This semester, the theater department welcomed new tenure-track faculty member Michelle Cowan-Gibbs. The Manitou Messenger sat down with Professor Gibbs for an interview.
Manitou Messenger:What did you do before you came to St. Olaf?
Professor Gibbs: I was a graduate student. Actually, I am still finishing up my doctoral studies at Bowling Green State University. My emphasis is in performance studies, particularly identity representation and race [and] performances of blackness. I am very interested in how the black body has been received in history and is currently being received. So I tend to write from a perspective of that in terms of theater, and then in terms of how that affects our everyday life. So that’s what I was interested in and doing before I came here teaching and working on my doctoral studies.
MM:Why St. Olaf?
PG: Why not St. Olaf? One of my students came in a couple days ago, and he called this place a “castle on a hill.” And I thought “how appropriate is that?” This is the type of institution that really values community. And I am somebody who really values community, particularly among multicultural and diverse audiences. I value that.
There’s lots to do here on the “castle on the hill.” And it keeps the students quite busy! But for the most part, I think that there is something really valuable about the experiences that Olaf students are encouraged to have that I really, really gravitate towards. You are all asked to consider your world – consider Olaf as a community – and then bring something back from it, something that helps percolate [and] helps keep us thinking about life and liberty and the pursuit of happiness. And that’s really exciting. Experience is awesome, really awesome. So I very much enjoy those two things here.
You guys are really bright. You’re very interested in what’s happening in the world and that’s something that really affects me. It makes me want to raise my game up in the classroom to challenge you even more. Because in a way, you guys get it. You have been blessed with a kind of insight into the world … and that’s exactly where I want to be.
After my teaching presentation – when I interviewed for the position – the room was packed full of students. And I thought “Oh, these students are really, really interested. They want to know who’s going to come into this position and what this person’s going to offer.”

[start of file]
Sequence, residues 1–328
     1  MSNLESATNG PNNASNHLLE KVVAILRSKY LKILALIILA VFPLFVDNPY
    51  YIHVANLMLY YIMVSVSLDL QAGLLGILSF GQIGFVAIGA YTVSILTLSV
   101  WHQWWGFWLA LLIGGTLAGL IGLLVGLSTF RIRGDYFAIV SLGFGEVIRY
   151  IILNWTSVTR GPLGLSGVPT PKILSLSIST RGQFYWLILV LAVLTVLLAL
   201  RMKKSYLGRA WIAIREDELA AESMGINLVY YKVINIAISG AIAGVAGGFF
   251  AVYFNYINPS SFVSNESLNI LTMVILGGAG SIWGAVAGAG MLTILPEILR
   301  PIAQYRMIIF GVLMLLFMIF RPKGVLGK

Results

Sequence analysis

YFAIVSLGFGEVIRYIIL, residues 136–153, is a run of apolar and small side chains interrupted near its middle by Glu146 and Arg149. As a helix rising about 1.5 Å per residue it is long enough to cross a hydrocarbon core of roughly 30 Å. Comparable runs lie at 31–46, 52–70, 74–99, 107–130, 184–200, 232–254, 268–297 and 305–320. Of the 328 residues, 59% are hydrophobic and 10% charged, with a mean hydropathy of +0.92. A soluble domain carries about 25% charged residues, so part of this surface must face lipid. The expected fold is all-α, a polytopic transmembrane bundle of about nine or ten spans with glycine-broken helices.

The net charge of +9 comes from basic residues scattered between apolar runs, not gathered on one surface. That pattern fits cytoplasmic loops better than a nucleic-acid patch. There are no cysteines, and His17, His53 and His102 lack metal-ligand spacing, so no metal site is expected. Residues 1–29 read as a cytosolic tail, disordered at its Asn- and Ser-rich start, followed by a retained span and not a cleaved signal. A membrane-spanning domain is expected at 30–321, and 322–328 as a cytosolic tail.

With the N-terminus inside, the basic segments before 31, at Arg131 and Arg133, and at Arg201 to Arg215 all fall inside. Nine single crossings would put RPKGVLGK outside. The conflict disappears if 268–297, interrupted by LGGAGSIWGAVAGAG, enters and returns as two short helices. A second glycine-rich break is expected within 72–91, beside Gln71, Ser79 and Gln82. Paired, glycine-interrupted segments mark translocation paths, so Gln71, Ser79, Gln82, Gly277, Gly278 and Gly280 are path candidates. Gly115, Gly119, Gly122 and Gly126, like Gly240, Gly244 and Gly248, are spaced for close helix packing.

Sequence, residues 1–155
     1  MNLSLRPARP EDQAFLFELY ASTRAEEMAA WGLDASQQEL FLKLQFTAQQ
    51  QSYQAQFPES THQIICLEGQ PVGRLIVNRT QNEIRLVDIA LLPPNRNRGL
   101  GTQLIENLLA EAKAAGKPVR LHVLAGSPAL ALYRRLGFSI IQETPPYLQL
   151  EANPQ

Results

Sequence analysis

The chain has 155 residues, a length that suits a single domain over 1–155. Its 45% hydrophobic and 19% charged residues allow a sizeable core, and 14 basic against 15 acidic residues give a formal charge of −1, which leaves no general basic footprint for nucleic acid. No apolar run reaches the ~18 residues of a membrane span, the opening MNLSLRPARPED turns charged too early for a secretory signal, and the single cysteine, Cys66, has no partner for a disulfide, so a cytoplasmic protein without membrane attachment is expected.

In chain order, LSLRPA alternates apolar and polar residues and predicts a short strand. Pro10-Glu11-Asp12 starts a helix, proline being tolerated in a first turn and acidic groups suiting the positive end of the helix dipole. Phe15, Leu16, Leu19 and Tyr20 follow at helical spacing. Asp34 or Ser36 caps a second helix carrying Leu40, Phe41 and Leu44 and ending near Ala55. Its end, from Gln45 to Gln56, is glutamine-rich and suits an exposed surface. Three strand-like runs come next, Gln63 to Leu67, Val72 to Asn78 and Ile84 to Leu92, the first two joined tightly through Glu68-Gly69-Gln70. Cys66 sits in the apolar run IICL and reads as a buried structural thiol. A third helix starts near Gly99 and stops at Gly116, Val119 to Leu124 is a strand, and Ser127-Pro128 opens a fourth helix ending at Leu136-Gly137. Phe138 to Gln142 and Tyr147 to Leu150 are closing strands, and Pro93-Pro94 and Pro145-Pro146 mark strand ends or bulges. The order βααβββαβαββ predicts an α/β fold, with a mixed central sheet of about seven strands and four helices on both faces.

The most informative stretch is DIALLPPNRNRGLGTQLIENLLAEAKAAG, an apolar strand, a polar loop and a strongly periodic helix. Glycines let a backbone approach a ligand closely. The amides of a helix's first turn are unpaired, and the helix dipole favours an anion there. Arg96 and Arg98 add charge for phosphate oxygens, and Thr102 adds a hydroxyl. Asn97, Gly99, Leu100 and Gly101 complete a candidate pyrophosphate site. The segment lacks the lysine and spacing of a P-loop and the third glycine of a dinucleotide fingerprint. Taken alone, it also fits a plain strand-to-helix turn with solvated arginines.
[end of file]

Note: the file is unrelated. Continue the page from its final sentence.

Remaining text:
That was so attractive from the very get-go. The room was packed and they were asking such intelligent questions about my research, about my teaching background … they really cared! And you can’t buy that. That’s just ingrained. That’s a cultural thing. You know, that is ingrained in the culture of Olaf itself. And that’s where I want to be.
MM:Do you have a favorite play or musical?
PG: I don’t think I have a favorite play — I like a lot of plays. I did go through this phase where I was about Detroit, because I am from Detroit … where everything I directed had something to do with the city in some way, shape or form.
I am partial to a playwright – her name is Dominique Morisseau – and she has written a three play cycle about Detroit and particularly looking at how history has influenced the ways in which we look at Detroit today … so I tend to really gravitate towards her plays.
I love August Wilson. It is my goal at St. Olaf to do an August Wilson piece. I am going to make that happen. I don’t know where I am going to find the brown people to get it to do it. But that’s going to be my challenge … I think his work is really – especially in terms of African-American history – really valuable to get that perspective of his interpretation of African-American history. And the characters are so richly written that I would love to give students that experience: to challenge them with a meaty text like that. So August Wilson is obviously a favorite playwright of mine.
And you know what, I don’t really have a favorite musical, but I have been wanting to do “Bye Bye Birdie” for a minute. And I mean doing “Bye Bye Birdie.” I mean taking that play apart; I’m gonna deconstruct it from the inside out, and I really want to look at celebrity, at the effects of celebrity-ism on the popular culture. I’ve been wanting to do that play for about three years. I just haven’t quite had the person-power to put up a play like that, especially at the institution I worked at before – we just didn’t have enough men to do that. But at Olaf, we have men! We have many of them to choose from, which is just so exciting and such a great enthusiastic theatre community.
And people are really excited about plays. It is a great time to be here and I’m quite grateful for the opportunity to be here.
MM:Is there anything you would like to say directly to St. Olaf students?
PG: Oh, thank you so much for welcoming me. God bless you. Thank you for being so generous to me and so welcoming. I’ve had many students send me emails to welcome me to the program, not just those who are theater majors, but those who I’ve just run into and said “hi” and exchanged information with. And they sent me an email saying, “we’re so glad you’re here.” And the faculty and staff as well who’ve just been so warm to me. I’ll be honest – it’s kind of scary coming into a role such as this, especially with the expectations I put on myself for what I’d like to achieve. And the St. Olaf community as a whole has been so welcoming to me and my family and it has just been really touching. So I’d like to say thank you so much for the warm welcome. And I’m excited about the future.